- Update the file /etc/dumpdates after a successful dump. The format of /etc/dumpdates is readable by people. It consists of one free format record per line: subtree, increment level and ctime(3) format dump date. There can be only one entry per subtree at each level. The dump date is defined as the creation date of the snapshot being dumped. The file /etc/dumpdates may be edited to change any of the fields, if necessary. See dumpdates for details.
- Verbose mode. The dump command prints out detailed information during the dump.
- Restarts a dump that failed. If a dump fails in the middle and certain criteria are met, it becomes restartable. A restarted dump continues the dump from the beginning of the tapefile on which it previously failed. The tree argument should match the one in the failed dump. Alternatively, use ID, which is provided in the backup status command output, in place of the tree argument.
All restartable dumps are listed by the backup status command.
toaster> dump 0ufbB adminhost:/dev/rst0 63 2097151 /vol/vol0
To make a level 0 dump of the /home directory on volume “users” on a 2 GB tape to a remote tape device, use:
toaster> dump 0ufbB adminhost:/dev/rst0 63 2097151 /vol/users/home
To make a level 0 dump of the /home directory on volume “web” on a 2 GB tape to a local tape drive (no rewind device, unit zero, highest density) use:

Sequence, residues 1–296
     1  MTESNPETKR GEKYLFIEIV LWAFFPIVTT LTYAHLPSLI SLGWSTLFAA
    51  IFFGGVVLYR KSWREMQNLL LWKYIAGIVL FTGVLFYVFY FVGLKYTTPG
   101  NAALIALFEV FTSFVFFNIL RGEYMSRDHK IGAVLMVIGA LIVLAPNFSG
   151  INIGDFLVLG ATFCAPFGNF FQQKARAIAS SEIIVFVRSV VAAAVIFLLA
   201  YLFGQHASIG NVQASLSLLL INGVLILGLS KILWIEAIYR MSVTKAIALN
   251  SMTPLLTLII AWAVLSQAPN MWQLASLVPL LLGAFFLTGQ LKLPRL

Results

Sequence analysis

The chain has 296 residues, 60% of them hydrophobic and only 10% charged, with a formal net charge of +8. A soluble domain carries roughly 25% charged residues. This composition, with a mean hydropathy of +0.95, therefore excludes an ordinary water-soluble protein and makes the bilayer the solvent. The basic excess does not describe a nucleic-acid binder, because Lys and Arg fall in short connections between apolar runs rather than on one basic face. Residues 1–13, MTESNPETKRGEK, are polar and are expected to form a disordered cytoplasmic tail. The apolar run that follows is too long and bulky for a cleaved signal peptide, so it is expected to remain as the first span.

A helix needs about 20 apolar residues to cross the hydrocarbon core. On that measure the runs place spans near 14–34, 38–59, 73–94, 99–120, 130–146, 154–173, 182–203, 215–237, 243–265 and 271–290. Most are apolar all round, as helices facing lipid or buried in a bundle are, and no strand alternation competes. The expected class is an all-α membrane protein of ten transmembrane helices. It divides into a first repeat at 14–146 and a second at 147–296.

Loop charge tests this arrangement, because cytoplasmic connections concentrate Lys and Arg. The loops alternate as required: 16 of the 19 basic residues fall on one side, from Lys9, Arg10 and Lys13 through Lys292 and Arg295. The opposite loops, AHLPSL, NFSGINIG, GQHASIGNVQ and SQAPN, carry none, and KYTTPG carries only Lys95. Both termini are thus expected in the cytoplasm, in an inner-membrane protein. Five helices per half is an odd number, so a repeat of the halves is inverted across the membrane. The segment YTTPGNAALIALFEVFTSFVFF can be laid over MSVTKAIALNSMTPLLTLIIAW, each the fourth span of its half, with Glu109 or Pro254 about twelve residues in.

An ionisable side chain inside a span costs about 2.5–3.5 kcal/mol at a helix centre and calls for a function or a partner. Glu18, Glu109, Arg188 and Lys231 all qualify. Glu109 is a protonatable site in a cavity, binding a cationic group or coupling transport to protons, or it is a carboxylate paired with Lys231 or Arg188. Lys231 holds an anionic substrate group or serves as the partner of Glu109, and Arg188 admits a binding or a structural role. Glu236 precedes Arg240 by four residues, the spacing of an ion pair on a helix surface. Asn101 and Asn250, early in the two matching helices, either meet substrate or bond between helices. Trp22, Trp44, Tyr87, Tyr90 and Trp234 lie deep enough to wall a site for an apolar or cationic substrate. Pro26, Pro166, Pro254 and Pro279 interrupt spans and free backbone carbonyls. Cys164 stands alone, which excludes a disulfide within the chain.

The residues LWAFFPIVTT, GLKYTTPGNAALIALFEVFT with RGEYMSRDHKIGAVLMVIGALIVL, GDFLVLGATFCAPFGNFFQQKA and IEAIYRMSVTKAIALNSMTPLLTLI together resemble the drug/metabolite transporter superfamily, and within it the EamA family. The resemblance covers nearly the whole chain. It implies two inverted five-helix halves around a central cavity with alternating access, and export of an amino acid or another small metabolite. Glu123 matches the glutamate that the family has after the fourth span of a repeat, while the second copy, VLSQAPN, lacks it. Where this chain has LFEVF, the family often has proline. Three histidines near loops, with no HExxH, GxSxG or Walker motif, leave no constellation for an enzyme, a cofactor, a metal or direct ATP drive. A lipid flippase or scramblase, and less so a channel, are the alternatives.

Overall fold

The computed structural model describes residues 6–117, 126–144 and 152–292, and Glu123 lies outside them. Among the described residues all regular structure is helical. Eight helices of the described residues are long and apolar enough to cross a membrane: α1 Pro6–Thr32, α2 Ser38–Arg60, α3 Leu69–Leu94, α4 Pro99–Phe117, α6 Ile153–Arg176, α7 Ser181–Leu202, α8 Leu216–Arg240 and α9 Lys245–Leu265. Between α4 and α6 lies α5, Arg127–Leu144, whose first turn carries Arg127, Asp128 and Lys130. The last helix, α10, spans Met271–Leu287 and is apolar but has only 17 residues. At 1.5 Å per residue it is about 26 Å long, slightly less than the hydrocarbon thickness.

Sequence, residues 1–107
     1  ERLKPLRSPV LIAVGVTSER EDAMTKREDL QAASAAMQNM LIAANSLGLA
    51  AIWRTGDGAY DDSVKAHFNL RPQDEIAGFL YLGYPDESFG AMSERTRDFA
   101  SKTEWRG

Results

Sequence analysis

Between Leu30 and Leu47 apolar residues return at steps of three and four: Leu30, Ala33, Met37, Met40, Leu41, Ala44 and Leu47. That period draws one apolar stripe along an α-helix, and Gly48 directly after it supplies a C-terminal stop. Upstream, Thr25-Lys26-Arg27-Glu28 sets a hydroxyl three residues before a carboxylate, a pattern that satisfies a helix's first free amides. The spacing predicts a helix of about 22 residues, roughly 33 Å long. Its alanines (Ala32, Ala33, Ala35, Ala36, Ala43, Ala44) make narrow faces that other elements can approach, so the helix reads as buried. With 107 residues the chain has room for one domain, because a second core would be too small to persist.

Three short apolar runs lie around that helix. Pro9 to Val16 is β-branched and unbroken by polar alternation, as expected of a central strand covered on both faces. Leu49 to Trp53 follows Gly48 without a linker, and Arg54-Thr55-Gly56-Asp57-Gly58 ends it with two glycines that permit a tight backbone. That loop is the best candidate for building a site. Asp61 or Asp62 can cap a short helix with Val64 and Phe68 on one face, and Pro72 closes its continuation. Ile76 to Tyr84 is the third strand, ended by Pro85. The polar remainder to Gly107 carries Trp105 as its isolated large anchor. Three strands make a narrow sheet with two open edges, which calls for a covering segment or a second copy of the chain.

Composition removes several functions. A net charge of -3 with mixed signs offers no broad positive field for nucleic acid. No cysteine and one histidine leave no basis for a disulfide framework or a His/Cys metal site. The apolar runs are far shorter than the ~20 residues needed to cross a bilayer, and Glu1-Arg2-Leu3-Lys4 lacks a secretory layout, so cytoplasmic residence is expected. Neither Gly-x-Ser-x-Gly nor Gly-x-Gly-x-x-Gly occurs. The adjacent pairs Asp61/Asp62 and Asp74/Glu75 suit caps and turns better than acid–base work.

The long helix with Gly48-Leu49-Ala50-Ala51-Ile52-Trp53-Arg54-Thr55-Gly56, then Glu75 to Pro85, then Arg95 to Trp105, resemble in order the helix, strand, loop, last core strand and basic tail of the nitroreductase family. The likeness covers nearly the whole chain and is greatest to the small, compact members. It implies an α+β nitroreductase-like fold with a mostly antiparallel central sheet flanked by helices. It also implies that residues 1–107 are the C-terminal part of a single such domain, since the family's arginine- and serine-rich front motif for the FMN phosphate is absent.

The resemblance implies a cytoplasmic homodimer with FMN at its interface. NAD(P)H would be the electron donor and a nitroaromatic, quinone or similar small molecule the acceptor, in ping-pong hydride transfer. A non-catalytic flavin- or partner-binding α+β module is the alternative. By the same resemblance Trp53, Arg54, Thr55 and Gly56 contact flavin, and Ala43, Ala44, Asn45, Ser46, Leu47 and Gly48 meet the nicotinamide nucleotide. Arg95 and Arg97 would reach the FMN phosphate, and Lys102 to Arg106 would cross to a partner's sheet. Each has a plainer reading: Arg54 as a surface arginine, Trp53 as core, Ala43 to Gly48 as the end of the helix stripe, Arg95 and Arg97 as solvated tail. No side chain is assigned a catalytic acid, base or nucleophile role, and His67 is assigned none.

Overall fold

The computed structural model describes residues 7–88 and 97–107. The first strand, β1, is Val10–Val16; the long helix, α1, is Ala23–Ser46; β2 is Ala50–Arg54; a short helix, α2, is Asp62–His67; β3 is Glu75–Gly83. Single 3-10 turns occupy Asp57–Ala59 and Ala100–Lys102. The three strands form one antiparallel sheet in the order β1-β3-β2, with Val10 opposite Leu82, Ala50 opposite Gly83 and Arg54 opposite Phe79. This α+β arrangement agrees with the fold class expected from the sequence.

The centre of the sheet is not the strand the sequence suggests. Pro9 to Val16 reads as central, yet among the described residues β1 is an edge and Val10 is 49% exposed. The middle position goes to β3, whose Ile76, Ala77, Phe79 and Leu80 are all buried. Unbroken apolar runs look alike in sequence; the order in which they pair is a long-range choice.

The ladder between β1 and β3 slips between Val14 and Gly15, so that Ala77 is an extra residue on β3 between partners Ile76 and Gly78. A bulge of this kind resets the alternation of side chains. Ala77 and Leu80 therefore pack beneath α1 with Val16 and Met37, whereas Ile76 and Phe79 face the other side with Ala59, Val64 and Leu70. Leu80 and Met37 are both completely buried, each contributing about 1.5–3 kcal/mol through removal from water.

toaster> dump 0ufbB nrst0a 63 2097151 /vol/web/home
To make a level 0 dump of the entire file system of the root volume to a local tape drive (no rewind device, unit zero, highest density), with each tape file in the dump being less than 2 GB in size, without operator intervention, using a tape stacker, with four tape files written per tape, assuming that the dump requires no more than 10GB, use:
toaster> dump 0ufbB nrst0a, nrst0a, nrst0a, urst0a, rst0a 63 2097151 /
Write the first three files to the norewind device, so that they, and the next dump done after them, will appear consecutively on the tape.
Write the next file to the unload/reload device. This will cause the stacker to rewind and unload the tape after the file has been written and then load the next tape.
Write the last file to the rewind device, so that the tape will be rewound after the dump is complete.
To back up all files and directories in a volume named engineering that are not in a qtree you created, use:
toaster> dump 0ufQ rst0a /vol/engineering
To run the dump command through rsh, enter the following command on a trusted host:
adminhost# rsh toaster dump 0ufbB adminhost:/dev/rst0 63 2097151 /home
To restart a dump on /vol/vol0/home, use:
toaster> dump Rf rst0a, rst1a, rst2a /vol/vol0/home
- dump date record